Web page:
Dean: Often. 🙂 Some of them might be too weird for readers to be comfortable with, in a cozy mystery. For example, there was the guy with the shoe fetish who made the rounds of many libraries in Houston until librarians started talking to one another and realized he was going from library to library.
KRL: Readers have fallen in love with Diesel. Does that surprise you? Do fans bring you their own tales of their Maine Coon companions?
Dean: I’ve fallen in love with Diesel, too. He’s a wonderful cat, and I do hear stories from readers who have Maine Coons. They’re a special breed, because of their affectionate and loyal natures, and people love them.
KRL: You write series under at least four names (including your own). Do you have some sort of method or system to differentiate your writing styles and characters? Ever thought of cross-overs?
Dean: The earlier series are all on hiatus at the moment, though at some point I might revive some of them. I don’t have any particular method for differentiating the styles and characters. They are all different to me, and when I’m writing a particular series, I am focused on those characters. There have been some crossovers. Ernestine Carpenter, a character who appeared in some fashion in my three “Deep South” mysteries, appeared in two of the trailer park mysteries I wrote as Jimmie Ruth Evans. She just might pop up in the current series one of these days.
KRL: You somehow made Simon-Kirby Jones, a gay, romance-writing, vampire, the most normal character in the town of Snuppertpn Mumsley. I loved that series, so have you any ideas about returning to it? You were writing them before vampires were a Thing!
Dean: I would love to write more of that series because I got such a kick out of the wackiness of it all. Sadly, at the time, not enough readers agreed with me, though I still do get fan mail and inquiries about another book. At present my writing schedule won’t allow me to revisit this series or any of the others, but at some point I would love to write more about Simon.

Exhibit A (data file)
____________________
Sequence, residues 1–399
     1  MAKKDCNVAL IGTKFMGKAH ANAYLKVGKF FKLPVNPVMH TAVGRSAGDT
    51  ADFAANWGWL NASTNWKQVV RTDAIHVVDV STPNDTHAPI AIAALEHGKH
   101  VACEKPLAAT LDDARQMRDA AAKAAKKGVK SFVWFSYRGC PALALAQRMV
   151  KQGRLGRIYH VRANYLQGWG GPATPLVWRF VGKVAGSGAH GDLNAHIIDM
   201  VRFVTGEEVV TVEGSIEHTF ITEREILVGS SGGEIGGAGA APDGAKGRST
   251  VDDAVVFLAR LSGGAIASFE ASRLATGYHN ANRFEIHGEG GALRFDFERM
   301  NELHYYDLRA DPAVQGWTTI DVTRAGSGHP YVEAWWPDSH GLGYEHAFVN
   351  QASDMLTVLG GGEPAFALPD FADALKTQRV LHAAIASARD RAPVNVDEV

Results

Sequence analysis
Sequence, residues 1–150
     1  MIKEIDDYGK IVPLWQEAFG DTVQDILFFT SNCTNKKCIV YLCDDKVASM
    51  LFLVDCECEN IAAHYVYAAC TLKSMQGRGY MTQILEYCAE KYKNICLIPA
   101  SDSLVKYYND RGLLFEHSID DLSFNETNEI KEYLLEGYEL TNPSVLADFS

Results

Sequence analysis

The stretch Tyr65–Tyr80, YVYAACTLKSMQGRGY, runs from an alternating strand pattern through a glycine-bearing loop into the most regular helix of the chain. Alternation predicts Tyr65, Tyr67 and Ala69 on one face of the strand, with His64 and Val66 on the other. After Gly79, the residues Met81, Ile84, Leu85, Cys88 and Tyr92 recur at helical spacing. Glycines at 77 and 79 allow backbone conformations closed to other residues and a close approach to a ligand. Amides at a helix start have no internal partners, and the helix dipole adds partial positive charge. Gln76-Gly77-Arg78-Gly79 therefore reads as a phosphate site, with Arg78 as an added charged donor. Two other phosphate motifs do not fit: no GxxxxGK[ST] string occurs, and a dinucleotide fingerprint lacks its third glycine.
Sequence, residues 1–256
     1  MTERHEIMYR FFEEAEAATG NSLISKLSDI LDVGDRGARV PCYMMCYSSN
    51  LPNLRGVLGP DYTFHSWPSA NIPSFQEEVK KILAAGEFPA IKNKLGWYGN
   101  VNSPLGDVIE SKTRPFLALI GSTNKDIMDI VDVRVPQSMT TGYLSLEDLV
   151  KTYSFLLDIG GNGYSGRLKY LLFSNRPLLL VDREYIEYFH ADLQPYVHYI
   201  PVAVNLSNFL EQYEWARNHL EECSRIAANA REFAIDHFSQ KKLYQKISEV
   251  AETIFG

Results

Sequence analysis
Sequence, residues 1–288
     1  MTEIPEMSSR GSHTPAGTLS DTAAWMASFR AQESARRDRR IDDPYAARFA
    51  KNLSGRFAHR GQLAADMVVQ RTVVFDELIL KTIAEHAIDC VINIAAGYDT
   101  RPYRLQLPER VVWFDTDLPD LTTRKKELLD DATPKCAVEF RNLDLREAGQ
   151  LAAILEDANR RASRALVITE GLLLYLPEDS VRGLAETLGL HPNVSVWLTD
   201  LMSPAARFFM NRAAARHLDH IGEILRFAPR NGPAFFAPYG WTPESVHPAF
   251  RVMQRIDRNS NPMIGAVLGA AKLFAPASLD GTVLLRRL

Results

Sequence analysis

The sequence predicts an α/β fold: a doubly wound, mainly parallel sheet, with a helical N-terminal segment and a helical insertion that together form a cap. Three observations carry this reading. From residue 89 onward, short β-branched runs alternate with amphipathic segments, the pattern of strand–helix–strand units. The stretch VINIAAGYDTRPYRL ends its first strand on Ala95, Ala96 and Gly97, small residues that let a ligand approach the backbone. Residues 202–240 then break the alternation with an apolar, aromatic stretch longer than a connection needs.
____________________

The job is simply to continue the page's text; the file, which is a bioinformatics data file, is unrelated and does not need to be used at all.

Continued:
KRL: Your southern roots run back generations. What makes Southern characters so unique and fun to write?
Dean: There are so many wonderful idiosyncrasies that are simply considered normal in the South. Most every family has one relative who is eccentric, to say the least, but we don’t hold their oddities against them. In the South eccentricity is almost a badge of honor.
KRL: Who are the writers who have influenced or inspired you the most?
Dean: Mildred Wirt Benson, who authored many of the early Nancy Drew books; Agatha Christie, for her plotting and sly use of humor; Elizabeth Peters (aka Barbara Michaels) for the sheer gusto of her characters and sense of humor); and Margery Allingham, who could pull all sorts of disparate elements together and meld them into an original and unusual story.
KRL: What started your love of mysteries?
Dean: Nancy Drew. I discovered the books when I was about ten, and that hooked me on mysteries for life.
To enter to win a copy of The Silence of the Library, simply email KRL at krlcontests@gmail[dot]com by replacing the [dot] with a period, and with the subject line “Library,” or comment on this article. A winner will be chosen February 8, 2014. U.S. residents only.
Check out other mystery articles, reviews, book giveaways & short stories in our mystery section.